Russian Cavalry : Uniforms : Organization : Tactics : Cuirassiers : Dragoons : Hussars Russian flag from Russian flag from
Russian Cavalry
of the Napoleonic Wars


"The [Russian] cavalry was fine and commanding. ...
The heavy cavalry are undoubtedly very fine; the men gigantic, the horses good, the equipment superior and in perfect condition.
The light cavalry are less striking ... but some of the hussars and lancers are good."
- General Sir Charles Stewart

1. Introduction: Russian Cavalry.
2. Generals.
3. Organization.
- - - - 4. Cuirassiers.
- - - - 5. Dragoons.
- - - - 6. Horse Jagers.
- - - - 7. Uhlans.
- - - - 8. Hussars.
9. Uniforms.
10. Training / Tactics.
11. Horses.
12. Weapons.
13. Hair Styles.
14. Best Regiments.

Reenactment of battle of Borodino
Picture: reenactment of the battle of Borodino.

In Brienne in 1814, General Vasilchikov led 3rd Dragoon Division (Panchulidsev’s),
2nd Hussar Division (Lanskoi’s) and Cossacks against the French infantry division
commanded by General Duhesme. The infantry received them in columns instead
of squares. Unable to withstand the attack they began to fall back and colided with
the infantry division of Young Guard. Vasilchikov’s cavalry also overran two batteries
before they could deploy and fire. One of these batteries was dragged away as a trophy.
Prussian officer Muffling participated in this attack: “We rode into the Young Guard
and our right wing got as far as the Reserve …We captured two batteries and
the enemy fell into the greatest disorder.” Only the gathering darkness saved
the Young Guard and Duhesme’s division from a complete disaster.

"As a horseman, the Russian regular cavalryman had no experience,
except in the schools. he was not born to the use of horses
and he had to learn both how to ride and how to care for them.
Yet the Russian cavalry distinguished itself throughout the
campaign and was often victorious over the French with all its training."
Petre - "Napoleon's Campaign in Poland 1806-7"

Introduction: Russian Cavalry.
The Russian cavalry was formed of two types:
regular and irregular.

French Carabiniers vs Izoum Hussars 
at Borodino, picture by Keith Rocco, USA Picture: French carabiniers versus Russian hussars in the battle of Borodino. Picture by Keith Rocco, USA.

Cavalry is the branch of army, which reaps the fruits of victory or covers a retreat. With strong cavalry the effects of defeat are not always fatal. Every country had its own cavalry troops and they differed, some were better quality than other.

Of all arms, cavalry is probably the most difficult to handle in the field. It couldn’t engage an enemy except where the ground was favourable for the horses. It was easily disperesed and easily got out of hand. Cavalry ought to be at once the eye, the ear and the feeder of an army. With good cavalry an army is in comparative security, and in a condition to march into an enemy’s country. Cavalry had to be opportunistic, picking its moment with care.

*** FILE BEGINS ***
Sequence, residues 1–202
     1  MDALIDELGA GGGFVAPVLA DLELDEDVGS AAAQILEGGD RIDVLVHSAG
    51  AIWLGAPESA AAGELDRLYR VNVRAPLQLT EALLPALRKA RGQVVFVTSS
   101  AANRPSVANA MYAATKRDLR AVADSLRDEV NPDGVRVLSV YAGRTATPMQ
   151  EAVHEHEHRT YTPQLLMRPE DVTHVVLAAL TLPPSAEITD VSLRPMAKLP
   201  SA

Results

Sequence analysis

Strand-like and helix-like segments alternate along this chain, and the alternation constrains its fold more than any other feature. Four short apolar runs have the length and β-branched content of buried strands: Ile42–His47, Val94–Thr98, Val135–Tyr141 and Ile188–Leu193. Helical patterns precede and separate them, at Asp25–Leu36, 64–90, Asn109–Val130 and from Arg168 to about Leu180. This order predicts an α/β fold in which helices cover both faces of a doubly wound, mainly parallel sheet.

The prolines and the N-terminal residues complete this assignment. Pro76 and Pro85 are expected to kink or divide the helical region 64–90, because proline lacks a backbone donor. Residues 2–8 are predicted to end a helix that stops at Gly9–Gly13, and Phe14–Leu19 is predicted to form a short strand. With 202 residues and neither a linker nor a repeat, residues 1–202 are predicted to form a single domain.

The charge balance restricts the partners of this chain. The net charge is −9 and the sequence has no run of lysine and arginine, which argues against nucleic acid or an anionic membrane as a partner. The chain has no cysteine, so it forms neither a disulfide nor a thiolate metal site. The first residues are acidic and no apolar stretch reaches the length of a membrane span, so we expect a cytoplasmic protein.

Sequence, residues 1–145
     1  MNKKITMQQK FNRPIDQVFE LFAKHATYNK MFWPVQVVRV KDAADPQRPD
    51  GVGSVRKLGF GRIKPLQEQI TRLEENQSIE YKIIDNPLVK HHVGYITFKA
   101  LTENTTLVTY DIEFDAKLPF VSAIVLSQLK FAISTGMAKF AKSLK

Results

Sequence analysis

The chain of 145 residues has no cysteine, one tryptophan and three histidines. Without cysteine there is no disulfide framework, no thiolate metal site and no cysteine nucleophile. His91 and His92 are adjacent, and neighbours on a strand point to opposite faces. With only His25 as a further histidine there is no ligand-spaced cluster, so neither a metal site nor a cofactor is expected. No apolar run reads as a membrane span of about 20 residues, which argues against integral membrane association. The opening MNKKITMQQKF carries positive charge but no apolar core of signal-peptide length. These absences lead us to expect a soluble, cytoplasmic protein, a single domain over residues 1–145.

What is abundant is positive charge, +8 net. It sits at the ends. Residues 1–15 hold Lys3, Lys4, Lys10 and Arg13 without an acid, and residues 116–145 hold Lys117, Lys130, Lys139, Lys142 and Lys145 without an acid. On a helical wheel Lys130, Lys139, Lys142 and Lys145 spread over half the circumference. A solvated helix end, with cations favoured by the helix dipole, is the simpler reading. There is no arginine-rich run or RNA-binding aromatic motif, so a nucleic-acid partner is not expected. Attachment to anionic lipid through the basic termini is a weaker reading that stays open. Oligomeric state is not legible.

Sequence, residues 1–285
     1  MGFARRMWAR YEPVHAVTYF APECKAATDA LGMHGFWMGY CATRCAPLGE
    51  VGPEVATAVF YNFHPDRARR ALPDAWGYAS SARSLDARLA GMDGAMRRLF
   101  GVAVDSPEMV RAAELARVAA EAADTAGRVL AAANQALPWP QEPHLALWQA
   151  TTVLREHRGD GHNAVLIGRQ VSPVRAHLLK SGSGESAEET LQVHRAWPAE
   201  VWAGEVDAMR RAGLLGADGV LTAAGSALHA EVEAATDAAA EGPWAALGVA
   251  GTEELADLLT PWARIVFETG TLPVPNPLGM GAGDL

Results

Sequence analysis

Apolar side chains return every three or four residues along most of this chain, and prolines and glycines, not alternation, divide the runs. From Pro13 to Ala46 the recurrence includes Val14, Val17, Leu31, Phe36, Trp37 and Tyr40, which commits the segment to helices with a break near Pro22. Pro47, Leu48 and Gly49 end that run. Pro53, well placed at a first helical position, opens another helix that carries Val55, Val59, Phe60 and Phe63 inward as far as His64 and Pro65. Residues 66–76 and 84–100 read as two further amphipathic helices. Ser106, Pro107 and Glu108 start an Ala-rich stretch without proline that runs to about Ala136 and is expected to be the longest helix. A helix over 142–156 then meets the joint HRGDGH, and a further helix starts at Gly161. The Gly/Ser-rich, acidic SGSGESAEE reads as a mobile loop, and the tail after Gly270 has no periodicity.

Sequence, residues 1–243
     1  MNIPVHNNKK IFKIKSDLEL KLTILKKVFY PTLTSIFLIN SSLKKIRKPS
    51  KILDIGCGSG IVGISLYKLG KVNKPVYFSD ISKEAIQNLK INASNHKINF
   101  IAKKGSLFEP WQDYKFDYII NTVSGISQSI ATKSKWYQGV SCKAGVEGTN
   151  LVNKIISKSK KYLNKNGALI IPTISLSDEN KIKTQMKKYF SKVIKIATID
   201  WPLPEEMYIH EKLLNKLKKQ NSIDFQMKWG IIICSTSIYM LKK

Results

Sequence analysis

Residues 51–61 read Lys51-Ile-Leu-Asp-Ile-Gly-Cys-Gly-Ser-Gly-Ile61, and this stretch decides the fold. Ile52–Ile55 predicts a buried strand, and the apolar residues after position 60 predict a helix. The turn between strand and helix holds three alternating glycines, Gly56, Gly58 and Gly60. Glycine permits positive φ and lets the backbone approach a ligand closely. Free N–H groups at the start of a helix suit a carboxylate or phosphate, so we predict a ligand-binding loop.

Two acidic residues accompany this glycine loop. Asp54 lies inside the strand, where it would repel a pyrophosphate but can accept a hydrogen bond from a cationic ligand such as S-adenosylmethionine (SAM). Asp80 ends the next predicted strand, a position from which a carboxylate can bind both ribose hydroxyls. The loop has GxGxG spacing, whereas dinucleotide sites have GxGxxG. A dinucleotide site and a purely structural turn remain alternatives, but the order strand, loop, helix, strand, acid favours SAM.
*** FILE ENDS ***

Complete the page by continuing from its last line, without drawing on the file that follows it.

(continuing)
The true worth of cavalry was the threat it posed to an enemy disrupted and defeated by infantry and artilery and the reaction it created. Throwing cavalry against a prepared enemy was an extreme and desperate measure or a mistake.

In 1804-05 there were:

  • 3,600 Guard cavalry
  • 46,200 Army cavalry (of whom 3,900 were mounted on pack hores)

    In 1805 Russia had 200,000 infantry and 50,000 cavalry.


  • 5,600 Guard cavalry
  • 70,200 Army cavalry (of whom 7,800 were mounted on pack hores)

    In 1812 there were 350,000 infantry and 75,000 cavalry.

    From Asian steppes to Paris,
    and from Italy to Sweden.

    In January 1807 near Waltersmühl,
    the French and Russian cavalry
    fought and neither side pulled off
    so “it kept running till nightfall.”

  • In the first one or two campaigns against Napoleon, many Russian cavalry reiments had only few veterans in their ranks. According to Löwenstern, in 1806 only few men in his regiment (Soumy Hussars) participated in previous wars and knew how to do a proper reconnesance or set the outposts. It resulted in situation where squadron couldn’t really take a rest in camp. Even a gossip was enough to stir it up and sometimes sleep was interrupted several times. Such situation made their horses and men stressed and tired.
    For example in 1806 the news about French advance arrived when Russian dragoons and hussars were in Nowe Miasto. The single word “French!” shouted in the night drove the Russian officers out of their sleep. Chaos erupted and all run to horses. Löwenstern’s gray horse became overexcited and caused difficulties to mount. Then the horse runs straight into the mass of dragoons despite protests of his master. This chaos would never happen if there was set a chain of pickets and guards and proper reconnaissance was done.